THE APIA POPULATION AND ITS UNDERSERVED STUDENTS
The APIA population represents a vast range of demographic characteristics that are distinct from any other racial group in the U.S. in terms of its heterogeneity (e.g., more than 48 ethnicities, over 300 spoken languages, various socioeconomic statuses, immigration history and shifts, culture, and religion).
Some of these demographic characteristics include:
- The number of APIAs in poverty increased by 38 percent between 2007 and 2011, with a EXECUTIVE SUMMARY A National Report on the Needs and Experiences of Low-Income Asian American and Pacific Islander Scholarship Recipients 9 37 percent increase of Asian Americans and a 60 percent increase of Native Hawaiian and Pacific Islanders experiencing poverty.
- APIAs attend a mix of highly selective and less selective two-year and four-year colleges and universities.1 Nearly 50 percent of APIAs are enrolled in community college, many of whom enter postsecondary studies with lower proficiencies in math and other core competencies than APIA students attending four-year institutions.
- APIA ethnic groups have varying rates of college enrollment, persistence, and degree attainment; for instance, data resulting from a three-year American Community Survey across 2006–2008 indicate that 56.1 percent of Pacific Islanders and 45.1 percent Southeast Asians ages 25–34, enrolled in college and left without a degree.
Studies specifically on low-income and first-generation APIA students are sparse and this gap in research needs to be addressed to better support them in the context of higher education. The current report focuses on a segment of the APIA student population coming from low-income backgrounds, many of which are underserved populations. The term “underserved” is typically used in higher education literature to describe students of color, low-income students, students who are the first in their families to attend college, and other students whose demographic backgrounds have often times meant they have faced challenges in degree attainment. In 2005, Yeh identified a set of factors that place APIA students at risk for not completing college, including socioeconomic status, parents’ education, language, immigration status, family support and guidance, institutional climate, and the model minority stereotype. Additionally, many APIA students must maintain their role as caretakers, translators, breadwinners, and “cultural brokers” for their families and communities.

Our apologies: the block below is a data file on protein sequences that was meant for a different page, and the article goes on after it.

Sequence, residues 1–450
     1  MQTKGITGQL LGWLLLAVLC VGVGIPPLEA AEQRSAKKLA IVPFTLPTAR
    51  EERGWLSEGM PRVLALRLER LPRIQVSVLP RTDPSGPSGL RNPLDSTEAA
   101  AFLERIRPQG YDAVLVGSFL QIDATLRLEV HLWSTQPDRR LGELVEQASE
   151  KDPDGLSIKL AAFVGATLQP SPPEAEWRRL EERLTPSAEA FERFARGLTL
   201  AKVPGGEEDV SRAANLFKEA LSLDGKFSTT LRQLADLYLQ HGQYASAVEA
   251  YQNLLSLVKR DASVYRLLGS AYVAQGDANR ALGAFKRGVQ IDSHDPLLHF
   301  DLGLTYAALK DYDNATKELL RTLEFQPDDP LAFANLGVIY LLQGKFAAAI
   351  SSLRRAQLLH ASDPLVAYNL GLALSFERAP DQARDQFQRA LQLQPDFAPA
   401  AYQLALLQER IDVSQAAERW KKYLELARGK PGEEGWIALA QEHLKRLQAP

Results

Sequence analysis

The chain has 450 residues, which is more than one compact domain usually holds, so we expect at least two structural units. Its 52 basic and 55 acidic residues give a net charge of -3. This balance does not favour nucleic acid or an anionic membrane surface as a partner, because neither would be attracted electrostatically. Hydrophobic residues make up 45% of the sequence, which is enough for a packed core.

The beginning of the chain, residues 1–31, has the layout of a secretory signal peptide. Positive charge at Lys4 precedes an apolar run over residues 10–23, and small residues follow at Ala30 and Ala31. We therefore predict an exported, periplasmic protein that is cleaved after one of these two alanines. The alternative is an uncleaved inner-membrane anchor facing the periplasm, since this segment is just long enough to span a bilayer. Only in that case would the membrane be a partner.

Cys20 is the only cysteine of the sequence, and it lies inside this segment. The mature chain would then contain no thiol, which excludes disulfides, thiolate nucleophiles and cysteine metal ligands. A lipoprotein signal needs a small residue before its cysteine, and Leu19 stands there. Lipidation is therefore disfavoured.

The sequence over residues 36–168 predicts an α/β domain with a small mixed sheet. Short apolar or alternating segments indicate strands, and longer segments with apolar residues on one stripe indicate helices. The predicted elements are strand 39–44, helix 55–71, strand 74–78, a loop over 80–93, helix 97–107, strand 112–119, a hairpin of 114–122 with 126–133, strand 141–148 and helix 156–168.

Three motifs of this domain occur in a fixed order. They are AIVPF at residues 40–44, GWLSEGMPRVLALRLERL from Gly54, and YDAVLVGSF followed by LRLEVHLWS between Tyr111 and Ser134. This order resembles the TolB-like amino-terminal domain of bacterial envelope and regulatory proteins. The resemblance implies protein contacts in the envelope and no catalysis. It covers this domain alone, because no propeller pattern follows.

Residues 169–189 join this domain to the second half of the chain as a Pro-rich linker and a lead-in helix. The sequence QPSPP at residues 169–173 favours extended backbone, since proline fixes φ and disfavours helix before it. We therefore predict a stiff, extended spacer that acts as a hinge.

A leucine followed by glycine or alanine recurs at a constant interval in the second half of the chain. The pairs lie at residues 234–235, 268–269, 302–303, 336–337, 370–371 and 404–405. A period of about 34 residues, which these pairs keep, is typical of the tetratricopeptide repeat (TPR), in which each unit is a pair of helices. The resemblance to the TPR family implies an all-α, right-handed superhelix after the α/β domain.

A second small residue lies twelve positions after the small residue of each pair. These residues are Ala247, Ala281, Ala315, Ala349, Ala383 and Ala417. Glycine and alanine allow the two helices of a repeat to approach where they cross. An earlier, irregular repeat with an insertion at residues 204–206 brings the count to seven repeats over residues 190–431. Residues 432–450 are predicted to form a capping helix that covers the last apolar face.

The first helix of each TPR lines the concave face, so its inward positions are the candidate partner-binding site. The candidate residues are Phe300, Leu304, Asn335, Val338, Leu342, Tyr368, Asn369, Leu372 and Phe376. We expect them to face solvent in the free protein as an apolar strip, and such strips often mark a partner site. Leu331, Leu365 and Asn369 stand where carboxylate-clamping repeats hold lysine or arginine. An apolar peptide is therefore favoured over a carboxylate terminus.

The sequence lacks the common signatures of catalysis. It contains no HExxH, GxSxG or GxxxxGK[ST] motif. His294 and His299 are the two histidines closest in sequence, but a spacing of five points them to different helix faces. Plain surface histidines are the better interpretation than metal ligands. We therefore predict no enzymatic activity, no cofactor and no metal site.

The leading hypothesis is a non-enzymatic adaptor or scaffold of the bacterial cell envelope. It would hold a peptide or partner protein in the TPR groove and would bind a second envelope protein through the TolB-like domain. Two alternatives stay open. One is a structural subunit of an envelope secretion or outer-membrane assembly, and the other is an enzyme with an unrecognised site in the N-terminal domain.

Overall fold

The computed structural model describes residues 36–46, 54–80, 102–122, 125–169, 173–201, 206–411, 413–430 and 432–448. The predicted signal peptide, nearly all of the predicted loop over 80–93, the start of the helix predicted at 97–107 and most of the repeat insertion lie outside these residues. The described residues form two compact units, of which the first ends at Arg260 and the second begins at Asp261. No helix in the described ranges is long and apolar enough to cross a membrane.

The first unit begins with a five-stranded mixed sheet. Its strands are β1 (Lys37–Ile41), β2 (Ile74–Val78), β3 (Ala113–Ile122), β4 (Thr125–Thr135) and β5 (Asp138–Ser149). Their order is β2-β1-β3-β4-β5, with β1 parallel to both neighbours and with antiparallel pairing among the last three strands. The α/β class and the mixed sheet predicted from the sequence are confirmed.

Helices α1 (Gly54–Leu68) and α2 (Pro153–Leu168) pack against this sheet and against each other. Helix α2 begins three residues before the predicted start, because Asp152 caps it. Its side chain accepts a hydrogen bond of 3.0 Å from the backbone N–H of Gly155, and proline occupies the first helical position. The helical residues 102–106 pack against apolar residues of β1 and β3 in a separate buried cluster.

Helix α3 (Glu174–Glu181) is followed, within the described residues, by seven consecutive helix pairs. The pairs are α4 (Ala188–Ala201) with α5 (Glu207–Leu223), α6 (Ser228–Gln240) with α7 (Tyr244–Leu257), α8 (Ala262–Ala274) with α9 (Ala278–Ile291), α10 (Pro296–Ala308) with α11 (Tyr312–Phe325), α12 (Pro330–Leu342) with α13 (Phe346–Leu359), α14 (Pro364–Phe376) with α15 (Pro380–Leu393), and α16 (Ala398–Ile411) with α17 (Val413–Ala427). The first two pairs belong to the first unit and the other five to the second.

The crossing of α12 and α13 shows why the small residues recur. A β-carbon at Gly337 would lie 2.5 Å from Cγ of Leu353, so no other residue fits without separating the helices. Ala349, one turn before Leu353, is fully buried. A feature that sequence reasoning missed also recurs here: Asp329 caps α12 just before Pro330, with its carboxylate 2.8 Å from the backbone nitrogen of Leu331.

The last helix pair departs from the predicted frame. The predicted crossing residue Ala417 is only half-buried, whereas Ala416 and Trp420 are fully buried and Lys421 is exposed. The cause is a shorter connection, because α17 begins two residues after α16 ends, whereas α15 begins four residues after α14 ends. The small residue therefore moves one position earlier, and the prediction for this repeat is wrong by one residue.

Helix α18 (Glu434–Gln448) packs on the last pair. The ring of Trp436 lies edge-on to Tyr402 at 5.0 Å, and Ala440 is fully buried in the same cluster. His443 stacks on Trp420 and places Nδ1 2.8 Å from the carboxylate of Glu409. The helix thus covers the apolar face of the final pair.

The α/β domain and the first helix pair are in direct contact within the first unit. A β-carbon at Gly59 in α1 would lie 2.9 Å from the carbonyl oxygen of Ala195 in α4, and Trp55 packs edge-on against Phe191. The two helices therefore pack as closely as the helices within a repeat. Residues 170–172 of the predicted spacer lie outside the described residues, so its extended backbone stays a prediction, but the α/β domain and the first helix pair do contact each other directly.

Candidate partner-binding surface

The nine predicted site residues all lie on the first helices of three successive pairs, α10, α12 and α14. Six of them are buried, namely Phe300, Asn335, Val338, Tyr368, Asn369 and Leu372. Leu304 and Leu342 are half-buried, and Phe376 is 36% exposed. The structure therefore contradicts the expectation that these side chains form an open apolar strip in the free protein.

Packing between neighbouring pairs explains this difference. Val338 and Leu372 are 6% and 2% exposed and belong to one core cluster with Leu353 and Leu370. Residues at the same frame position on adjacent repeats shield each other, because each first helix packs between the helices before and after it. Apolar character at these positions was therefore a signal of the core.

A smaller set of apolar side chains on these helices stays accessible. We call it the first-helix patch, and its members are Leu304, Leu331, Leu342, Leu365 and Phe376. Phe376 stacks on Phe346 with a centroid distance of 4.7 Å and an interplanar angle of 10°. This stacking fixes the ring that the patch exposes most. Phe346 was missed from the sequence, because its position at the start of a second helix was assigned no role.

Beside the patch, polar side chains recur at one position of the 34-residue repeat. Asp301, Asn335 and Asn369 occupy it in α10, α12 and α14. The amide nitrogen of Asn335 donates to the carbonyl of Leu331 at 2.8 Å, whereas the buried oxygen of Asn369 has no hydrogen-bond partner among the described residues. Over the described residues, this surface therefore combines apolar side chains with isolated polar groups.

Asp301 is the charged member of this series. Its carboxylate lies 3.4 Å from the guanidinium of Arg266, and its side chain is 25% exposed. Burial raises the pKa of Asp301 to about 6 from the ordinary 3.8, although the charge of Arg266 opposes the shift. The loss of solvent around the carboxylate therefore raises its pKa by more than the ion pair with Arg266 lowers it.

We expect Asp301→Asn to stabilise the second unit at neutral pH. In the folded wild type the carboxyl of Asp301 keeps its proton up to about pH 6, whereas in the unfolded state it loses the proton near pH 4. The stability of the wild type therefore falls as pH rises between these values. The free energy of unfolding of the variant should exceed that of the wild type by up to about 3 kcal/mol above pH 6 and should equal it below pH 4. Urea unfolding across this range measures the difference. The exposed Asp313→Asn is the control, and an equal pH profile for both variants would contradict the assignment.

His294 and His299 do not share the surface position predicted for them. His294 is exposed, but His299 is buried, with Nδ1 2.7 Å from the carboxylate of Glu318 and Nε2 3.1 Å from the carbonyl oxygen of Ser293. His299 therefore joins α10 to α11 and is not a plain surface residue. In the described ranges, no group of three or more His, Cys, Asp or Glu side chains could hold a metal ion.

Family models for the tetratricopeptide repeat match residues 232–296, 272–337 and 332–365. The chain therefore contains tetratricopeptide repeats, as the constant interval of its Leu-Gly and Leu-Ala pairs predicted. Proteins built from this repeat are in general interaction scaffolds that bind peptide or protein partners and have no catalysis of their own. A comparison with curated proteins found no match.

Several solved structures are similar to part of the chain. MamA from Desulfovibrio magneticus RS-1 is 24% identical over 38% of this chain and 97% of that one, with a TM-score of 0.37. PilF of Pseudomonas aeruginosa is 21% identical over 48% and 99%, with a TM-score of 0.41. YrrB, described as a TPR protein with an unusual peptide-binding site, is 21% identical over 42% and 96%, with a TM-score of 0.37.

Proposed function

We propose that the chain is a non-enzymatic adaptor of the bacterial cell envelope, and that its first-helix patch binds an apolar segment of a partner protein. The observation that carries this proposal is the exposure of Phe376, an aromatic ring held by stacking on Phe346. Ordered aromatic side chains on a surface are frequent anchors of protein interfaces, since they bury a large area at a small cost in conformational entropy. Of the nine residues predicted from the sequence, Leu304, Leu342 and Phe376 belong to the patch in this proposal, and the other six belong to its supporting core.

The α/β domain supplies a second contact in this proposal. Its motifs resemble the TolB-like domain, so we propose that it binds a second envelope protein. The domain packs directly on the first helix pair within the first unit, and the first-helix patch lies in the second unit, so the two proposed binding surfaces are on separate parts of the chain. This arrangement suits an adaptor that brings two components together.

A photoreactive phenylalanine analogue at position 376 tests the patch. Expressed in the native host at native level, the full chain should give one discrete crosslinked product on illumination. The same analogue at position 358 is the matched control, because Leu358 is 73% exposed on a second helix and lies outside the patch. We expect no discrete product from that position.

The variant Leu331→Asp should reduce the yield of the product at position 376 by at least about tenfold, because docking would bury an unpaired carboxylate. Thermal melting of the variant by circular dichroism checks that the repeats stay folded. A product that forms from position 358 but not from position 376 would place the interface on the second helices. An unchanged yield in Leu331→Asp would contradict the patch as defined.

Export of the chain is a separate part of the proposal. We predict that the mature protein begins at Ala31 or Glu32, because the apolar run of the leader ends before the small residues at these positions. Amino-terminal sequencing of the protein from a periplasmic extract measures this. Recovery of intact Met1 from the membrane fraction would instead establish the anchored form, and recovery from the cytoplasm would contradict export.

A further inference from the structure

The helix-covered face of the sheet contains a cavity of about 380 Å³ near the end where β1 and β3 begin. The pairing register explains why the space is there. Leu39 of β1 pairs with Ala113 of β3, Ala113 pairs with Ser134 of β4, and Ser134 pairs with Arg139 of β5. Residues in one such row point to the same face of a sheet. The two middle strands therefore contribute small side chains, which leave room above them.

While the physical, emotional, and mental energy required to negotiate these various demands may have an effect on APIA students’ capacities to transition to and persist through college, it is also worth recognizing the resiliency that many APIA students develop and demonstrate in their pursuit of a degree. A growing number of higher education researchers assert that validating the needs of APIA students from a culturally relevant paradigm contributes positively to student success, signaling a need for further research in the areas listed above, with the resulting data and findings serving to guide programmatic strategies and practices that promote access and success in higher education for low-income and first-generation APIA students. APIASF conducted the needs assessment analyses detailed in this report as a direct response to this need.
Asian American and Native Hawaiian and Pacific Islander Categories and Ethnicities
- Iwo Jiman
- Sri Lankan
Native Hawaiian and Pacific Islander Pacific Islander (NHPI):
- Mariana Islander
- Niue Islander
- Papua New Guinean
- Solomon Islander
Identified with multiple racial categories as defined by the OMB standards
Multiethnic Asian American Multiethnic APIA: Identified with multiple ethnicities within one racial category and Pacific Islander (APIA)
Other Race or Ethnicity:
Other: Identified with a race or ethnicity outside of the OMB-defined Asian race and Native Hawaiian and Pacific Islander race